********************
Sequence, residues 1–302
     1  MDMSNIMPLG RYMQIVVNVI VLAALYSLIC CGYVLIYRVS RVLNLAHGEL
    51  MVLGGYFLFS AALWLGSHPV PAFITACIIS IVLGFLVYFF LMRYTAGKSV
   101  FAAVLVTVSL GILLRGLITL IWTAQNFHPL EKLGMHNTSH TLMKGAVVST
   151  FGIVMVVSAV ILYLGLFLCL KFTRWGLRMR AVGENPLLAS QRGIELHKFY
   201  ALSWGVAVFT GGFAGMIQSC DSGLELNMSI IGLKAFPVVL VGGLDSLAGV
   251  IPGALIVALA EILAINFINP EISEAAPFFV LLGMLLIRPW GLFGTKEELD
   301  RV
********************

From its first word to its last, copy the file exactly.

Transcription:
Sequence, residues 1–302
     1  MDMSNIMPLG RYMQIVVNVI VLAALYSLIC CGYVLIYRVS RVLNLAHGEL
    51  MVLGGYFLFS AALWLGSHPV PAFITACIIS IVLGFLVYFF LMRYTAGKSV
   101  FAAVLVTVSL GILLRGLITL IWTAQNFHPL EKLGMHNTSH TLMKGAVVST
   151  FGIVMVVSAV ILYLGLFLCL KFTRWGLRMR AVGENPLLAS QRGIELHKFY
   201  ALSWGVAVFT GGFAGMIQSC DSGLELNMSI IGLKAFPVVL VGGLDSLAGV
   251  IPGALIVALA EILAINFINP EISEAAPFFV LLGMLLIRPW GLFGTKEELD
   301  RV